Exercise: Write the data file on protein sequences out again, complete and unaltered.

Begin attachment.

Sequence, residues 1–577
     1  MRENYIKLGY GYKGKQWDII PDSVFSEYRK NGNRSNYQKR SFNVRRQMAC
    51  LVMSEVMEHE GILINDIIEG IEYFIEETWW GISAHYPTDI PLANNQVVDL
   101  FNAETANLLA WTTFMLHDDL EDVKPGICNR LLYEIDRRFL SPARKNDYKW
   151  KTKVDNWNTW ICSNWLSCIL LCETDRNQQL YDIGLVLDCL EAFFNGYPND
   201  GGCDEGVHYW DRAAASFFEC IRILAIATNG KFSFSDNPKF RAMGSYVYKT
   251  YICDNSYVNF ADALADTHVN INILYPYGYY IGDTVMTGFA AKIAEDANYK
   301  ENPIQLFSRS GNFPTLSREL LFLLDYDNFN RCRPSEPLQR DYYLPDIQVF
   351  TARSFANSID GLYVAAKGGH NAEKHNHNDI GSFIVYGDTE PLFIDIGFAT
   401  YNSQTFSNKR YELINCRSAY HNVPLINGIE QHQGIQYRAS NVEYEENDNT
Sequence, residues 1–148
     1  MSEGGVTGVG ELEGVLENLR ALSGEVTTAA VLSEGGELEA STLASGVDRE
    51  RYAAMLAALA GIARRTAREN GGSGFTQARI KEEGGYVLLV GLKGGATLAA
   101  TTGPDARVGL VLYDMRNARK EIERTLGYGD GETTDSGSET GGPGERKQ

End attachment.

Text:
Sequence, residues 1–577
     1  MRENYIKLGY GYKGKQWDII PDSVFSEYRK NGNRSNYQKR SFNVRRQMAC
    51  LVMSEVMEHE GILINDIIEG IEYFIEETWW GISAHYPTDI PLANNQVVDL
   101  FNAETANLLA WTTFMLHDDL EDVKPGICNR LLYEIDRRFL SPARKNDYKW
   151  KTKVDNWNTW ICSNWLSCIL LCETDRNQQL YDIGLVLDCL EAFFNGYPND
   201  GGCDEGVHYW DRAAASFFEC IRILAIATNG KFSFSDNPKF RAMGSYVYKT
   251  YICDNSYVNF ADALADTHVN INILYPYGYY IGDTVMTGFA AKIAEDANYK
   301  ENPIQLFSRS GNFPTLSREL LFLLDYDNFN RCRPSEPLQR DYYLPDIQVF
   351  TARSFANSID GLYVAAKGGH NAEKHNHNDI GSFIVYGDTE PLFIDIGFAT
   401  YNSQTFSNKR YELINCRSAY HNVPLINGIE QHQGIQYRAS NVEYEENDNT
Sequence, residues 1–148
     1  MSEGGVTGVG ELEGVLENLR ALSGEVTTAA VLSEGGELEA STLASGVDRE
    51  RYAAMLAALA GIARRTAREN GGSGFTQARI KEEGGYVLLV GLKGGATLAA
   101  TTGPDARVGL VLYDMRNARK EIERTLGYGD GETTDSGSET GGPGERKQ